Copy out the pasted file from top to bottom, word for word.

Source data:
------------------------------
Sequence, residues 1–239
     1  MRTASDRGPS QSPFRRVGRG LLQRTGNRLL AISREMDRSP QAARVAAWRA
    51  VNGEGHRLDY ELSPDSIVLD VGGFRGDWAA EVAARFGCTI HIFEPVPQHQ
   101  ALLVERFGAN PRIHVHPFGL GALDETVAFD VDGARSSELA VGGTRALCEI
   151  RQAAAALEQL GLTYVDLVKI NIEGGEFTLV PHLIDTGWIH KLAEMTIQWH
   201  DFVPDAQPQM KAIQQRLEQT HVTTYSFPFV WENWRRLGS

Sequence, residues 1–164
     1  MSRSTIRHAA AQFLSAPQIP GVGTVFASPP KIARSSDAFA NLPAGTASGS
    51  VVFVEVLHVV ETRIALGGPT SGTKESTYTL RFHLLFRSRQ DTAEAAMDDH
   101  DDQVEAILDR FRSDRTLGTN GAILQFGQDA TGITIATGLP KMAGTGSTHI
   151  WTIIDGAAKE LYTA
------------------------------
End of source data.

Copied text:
Sequence, residues 1–239
     1  MRTASDRGPS QSPFRRVGRG LLQRTGNRLL AISREMDRSP QAARVAAWRA
    51  VNGEGHRLDY ELSPDSIVLD VGGFRGDWAA EVAARFGCTI HIFEPVPQHQ
   101  ALLVERFGAN PRIHVHPFGL GALDETVAFD VDGARSSELA VGGTRALCEI
   151  RQAAAALEQL GLTYVDLVKI NIEGGEFTLV PHLIDTGWIH KLAEMTIQWH
   201  DFVPDAQPQM KAIQQRLEQT HVTTYSFPFV WENWRRLGS

Sequence, residues 1–164
     1  MSRSTIRHAA AQFLSAPQIP GVGTVFASPP KIARSSDAFA NLPAGTASGS
    51  VVFVEVLHVV ETRIALGGPT SGTKESTYTL RFHLLFRSRQ DTAEAAMDDH
   101  DDQVEAILDR FRSDRTLGTN GAILQFGQDA TGITIATGLP KMAGTGSTHI
   151  WTIIDGAAKE LYTA